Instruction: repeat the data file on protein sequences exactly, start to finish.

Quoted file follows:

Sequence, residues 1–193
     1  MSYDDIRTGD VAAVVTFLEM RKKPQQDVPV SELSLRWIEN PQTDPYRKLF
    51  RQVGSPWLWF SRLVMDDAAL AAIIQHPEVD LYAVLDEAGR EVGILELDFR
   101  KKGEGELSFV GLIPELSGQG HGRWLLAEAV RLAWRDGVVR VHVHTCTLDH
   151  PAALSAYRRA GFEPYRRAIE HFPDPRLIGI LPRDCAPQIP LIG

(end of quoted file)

Sequence, residues 1–193
     1  MSYDDIRTGD VAAVVTFLEM RKKPQQDVPV SELSLRWIEN PQTDPYRKLF
    51  RQVGSPWLWF SRLVMDDAAL AAIIQHPEVD LYAVLDEAGR EVGILELDFR
   101  KKGEGELSFV GLIPELSGQG HGRWLLAEAV RLAWRDGVVR VHVHTCTLDH
   151  PAALSAYRRA GFEPYRRAIE HFPDPRLIGI LPRDCAPQIP LIG